Monday, 20 April 2020 15:30

Commemorating the Lord’s Day at Home: More than Watching the Mass in your PJ's

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Genuflect, kneel, sit, stand, sit, stand, sit, stand, kneel, stand, kneel, stand, sit, stand, genuflect… For most of us, this is the rhythm of Mass.  It is sort of a bodily routine that keeps us attentive to the spiritual exercise of participating in the Liturgy. For the most part, we do it automatically, without even thinking.  These are habitual movements that at the right moment can be triggered by a word or a motion. At one Mass recently, my son stood at the wrong time, at once triggering a wave of people behind us to stand.  Regardless of where their minds were at the moment, their bodies were ready to react, to participate. This is reassuring in some way, because when we are able to return to Mass with our church communities, our bodies will know instinctively what to do.

But what do we do in the meantime? For many it may seem like the only option is to replace going to Sunday Mass with watching a Mass on TV or online.  This is not a bad thing. However, it can be very tempting to become passive observers of the Liturgy. Once the novelty has worn off, we may find ourselves rolling out of bed and snuggling into the couch to watch the Mass in our pajamas. Or watching Mass while eating breakfast and then carrying on with our day like it were just a bonus Saturday.  We must be careful in this time of separation from our churches to not become couch Catholics.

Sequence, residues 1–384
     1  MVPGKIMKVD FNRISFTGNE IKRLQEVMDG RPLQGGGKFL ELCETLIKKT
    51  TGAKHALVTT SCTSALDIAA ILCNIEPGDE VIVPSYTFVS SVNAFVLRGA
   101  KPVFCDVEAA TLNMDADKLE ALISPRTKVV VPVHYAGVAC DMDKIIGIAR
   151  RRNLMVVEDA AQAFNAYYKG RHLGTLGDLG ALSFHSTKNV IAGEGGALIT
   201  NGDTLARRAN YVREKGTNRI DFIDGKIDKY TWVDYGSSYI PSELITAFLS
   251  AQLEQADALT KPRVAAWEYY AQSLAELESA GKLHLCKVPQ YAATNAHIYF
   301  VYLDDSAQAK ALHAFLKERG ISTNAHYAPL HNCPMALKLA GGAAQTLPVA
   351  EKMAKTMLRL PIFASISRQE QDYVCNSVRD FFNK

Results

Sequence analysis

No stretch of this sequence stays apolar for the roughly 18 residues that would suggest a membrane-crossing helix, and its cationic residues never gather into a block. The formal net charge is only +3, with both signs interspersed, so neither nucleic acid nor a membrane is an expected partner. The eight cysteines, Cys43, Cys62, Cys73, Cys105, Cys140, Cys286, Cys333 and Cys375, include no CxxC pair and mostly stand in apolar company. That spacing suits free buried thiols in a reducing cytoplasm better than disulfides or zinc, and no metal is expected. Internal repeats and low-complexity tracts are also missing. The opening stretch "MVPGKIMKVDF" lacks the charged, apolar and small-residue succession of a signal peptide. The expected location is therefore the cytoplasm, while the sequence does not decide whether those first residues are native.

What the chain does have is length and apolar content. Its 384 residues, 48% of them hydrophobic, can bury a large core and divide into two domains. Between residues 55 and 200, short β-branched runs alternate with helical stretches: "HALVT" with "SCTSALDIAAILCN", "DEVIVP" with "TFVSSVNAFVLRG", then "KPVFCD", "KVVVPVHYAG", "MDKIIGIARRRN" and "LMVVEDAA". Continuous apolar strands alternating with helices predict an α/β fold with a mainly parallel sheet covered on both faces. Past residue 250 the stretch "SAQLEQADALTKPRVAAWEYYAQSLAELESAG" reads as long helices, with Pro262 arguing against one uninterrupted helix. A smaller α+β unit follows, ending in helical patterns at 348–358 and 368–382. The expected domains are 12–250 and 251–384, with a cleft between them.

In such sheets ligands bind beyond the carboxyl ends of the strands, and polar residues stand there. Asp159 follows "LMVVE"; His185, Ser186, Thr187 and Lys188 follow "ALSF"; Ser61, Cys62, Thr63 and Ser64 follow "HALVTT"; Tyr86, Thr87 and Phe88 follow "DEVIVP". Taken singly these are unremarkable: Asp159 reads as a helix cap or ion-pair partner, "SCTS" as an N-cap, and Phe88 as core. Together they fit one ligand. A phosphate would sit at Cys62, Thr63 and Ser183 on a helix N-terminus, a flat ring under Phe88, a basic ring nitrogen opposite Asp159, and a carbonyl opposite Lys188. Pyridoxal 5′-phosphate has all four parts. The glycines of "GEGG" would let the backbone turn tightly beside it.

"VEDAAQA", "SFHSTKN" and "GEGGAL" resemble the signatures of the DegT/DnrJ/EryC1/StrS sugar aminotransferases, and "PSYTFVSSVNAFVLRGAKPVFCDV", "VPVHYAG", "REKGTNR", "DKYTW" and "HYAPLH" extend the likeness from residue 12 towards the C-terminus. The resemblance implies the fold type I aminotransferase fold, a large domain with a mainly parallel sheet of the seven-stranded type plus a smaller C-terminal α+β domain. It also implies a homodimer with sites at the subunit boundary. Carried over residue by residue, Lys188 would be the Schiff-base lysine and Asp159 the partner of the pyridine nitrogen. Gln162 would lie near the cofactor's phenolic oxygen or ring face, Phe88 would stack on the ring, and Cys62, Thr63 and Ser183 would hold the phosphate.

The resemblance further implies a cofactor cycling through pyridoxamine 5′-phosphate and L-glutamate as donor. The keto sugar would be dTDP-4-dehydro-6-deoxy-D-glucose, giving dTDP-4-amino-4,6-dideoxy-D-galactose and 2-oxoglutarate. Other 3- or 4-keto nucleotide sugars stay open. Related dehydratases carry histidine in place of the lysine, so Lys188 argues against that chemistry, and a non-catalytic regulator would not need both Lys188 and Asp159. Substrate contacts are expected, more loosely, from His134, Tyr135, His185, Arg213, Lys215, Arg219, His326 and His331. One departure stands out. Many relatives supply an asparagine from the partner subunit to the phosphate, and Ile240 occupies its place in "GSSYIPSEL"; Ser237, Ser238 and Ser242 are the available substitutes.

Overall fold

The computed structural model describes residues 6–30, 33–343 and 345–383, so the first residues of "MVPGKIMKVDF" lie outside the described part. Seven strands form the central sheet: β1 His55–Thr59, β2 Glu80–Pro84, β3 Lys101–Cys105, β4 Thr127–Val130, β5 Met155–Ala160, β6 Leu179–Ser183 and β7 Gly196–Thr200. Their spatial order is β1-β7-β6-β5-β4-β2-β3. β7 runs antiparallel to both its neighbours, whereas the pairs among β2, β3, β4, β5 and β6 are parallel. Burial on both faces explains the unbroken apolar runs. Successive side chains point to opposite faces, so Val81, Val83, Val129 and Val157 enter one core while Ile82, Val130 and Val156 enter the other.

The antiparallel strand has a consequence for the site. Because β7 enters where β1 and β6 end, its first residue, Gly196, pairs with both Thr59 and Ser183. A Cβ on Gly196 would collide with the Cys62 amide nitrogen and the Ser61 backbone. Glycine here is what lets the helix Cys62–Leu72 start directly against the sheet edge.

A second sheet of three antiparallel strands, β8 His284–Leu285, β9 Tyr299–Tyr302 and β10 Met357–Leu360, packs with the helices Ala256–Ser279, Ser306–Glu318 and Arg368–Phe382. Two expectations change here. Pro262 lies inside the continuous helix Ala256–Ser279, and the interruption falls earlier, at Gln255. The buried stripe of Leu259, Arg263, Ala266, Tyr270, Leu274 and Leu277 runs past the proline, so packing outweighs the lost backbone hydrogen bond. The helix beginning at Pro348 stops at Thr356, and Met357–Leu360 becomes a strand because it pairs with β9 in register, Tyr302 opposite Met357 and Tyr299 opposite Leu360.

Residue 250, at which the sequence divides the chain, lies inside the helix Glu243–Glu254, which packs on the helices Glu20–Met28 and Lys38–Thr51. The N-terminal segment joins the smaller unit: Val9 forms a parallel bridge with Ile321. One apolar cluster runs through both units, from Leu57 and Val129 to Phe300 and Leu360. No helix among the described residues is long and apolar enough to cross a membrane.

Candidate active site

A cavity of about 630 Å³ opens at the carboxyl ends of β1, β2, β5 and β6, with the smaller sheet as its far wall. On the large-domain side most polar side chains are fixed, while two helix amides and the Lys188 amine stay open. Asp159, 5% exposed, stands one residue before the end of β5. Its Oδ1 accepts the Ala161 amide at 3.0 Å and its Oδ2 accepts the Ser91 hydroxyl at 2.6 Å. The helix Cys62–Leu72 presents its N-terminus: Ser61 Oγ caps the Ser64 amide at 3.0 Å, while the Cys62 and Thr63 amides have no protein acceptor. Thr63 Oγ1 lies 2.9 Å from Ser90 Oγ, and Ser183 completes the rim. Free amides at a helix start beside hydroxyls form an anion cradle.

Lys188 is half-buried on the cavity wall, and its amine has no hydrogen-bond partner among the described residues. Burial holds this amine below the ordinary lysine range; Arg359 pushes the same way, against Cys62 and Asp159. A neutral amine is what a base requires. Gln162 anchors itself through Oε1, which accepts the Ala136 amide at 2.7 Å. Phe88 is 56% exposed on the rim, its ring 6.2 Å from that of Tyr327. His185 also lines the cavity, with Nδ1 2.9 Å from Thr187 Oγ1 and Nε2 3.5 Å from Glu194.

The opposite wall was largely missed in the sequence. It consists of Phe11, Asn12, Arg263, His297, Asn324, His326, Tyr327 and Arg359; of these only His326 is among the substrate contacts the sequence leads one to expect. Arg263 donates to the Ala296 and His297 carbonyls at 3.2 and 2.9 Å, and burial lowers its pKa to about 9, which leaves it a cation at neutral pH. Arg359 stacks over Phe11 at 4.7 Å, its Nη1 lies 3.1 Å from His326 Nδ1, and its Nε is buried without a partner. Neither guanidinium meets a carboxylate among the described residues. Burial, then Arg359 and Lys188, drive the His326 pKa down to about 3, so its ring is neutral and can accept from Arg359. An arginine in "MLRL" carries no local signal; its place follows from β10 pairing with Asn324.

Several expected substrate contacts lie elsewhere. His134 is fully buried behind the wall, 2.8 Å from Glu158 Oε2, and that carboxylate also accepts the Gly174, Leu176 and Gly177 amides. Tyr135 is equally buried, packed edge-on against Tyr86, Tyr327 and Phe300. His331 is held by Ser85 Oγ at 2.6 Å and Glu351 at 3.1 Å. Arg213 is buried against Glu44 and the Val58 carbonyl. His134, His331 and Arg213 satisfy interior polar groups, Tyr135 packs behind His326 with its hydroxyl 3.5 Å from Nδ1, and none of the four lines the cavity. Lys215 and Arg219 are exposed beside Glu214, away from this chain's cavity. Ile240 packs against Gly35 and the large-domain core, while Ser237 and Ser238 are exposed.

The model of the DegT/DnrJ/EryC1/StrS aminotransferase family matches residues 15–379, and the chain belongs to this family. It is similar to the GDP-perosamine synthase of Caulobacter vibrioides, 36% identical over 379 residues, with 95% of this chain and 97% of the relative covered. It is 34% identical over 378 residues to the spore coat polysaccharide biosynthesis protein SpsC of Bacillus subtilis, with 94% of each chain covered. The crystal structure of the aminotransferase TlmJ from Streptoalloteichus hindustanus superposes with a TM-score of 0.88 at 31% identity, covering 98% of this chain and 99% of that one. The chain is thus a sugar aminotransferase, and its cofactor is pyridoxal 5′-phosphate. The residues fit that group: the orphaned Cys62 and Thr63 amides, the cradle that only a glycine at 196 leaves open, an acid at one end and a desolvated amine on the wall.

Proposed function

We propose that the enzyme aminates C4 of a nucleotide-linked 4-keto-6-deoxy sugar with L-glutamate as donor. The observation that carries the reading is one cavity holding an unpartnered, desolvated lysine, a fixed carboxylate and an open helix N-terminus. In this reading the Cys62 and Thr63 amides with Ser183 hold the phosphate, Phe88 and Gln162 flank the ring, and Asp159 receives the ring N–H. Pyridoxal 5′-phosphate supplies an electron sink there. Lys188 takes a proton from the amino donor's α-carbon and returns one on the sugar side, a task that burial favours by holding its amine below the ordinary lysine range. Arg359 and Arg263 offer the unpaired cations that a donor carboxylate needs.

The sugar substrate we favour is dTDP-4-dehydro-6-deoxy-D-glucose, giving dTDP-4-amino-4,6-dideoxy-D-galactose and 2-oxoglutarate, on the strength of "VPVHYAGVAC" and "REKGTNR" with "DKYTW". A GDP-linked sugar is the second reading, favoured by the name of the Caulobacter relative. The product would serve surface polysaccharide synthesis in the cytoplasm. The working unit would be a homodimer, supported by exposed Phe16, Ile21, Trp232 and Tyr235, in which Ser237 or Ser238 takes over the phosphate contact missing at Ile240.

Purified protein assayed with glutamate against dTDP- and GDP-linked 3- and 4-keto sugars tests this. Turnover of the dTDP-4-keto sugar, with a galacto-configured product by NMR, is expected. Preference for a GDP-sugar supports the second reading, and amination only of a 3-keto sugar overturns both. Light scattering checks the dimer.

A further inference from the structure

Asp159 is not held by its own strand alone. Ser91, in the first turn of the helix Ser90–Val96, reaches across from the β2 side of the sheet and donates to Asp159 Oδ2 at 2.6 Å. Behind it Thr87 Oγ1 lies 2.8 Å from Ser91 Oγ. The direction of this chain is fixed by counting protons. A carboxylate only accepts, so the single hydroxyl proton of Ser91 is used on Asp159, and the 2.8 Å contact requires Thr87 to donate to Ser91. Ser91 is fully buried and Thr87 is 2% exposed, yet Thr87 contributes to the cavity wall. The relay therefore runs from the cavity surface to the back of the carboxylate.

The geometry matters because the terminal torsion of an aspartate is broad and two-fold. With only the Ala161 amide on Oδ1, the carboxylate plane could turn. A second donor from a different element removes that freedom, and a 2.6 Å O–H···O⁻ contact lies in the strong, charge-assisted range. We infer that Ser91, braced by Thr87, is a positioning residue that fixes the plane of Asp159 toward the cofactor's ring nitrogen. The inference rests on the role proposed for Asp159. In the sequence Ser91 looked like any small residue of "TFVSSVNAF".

To help set Sunday apart, there are five key components to consider including in your Sunday routine if it is not already a part of it.  They are preparation, movement, response, participation, and celebration.

Preparation -  With a few preparations, you can make Sundays stand out.  

Start Sunday by getting up and getting dressed.  Your family should be clean and fresh and ready to participate in the Commemoration of the Lord’s Day.  

Prepare a home altar- There are many helpful websites that can guide you in setting up a home altar.  In my family, we have the simplest set up, just a cloth covered table in white or the liturgical color of the day, a crucifix, a candle, and an iPad stand so we can watch the Pope’s Sunday Angelus and receive his blessing.  Ours is a temporary set up, newly created each week, as we do not have a permanent space for an altar that is large enough for my family to gather around. Choose an appropriate place in your home, or outside (weather permitting) for your altar.   Some families set theirs up in front of the device they will use to watch the Mass on. Get your children involved in gathering the items needed and deciding the location. Let them prepare the place for the altar. Even the smallest children can help pick flowers or add icons to it.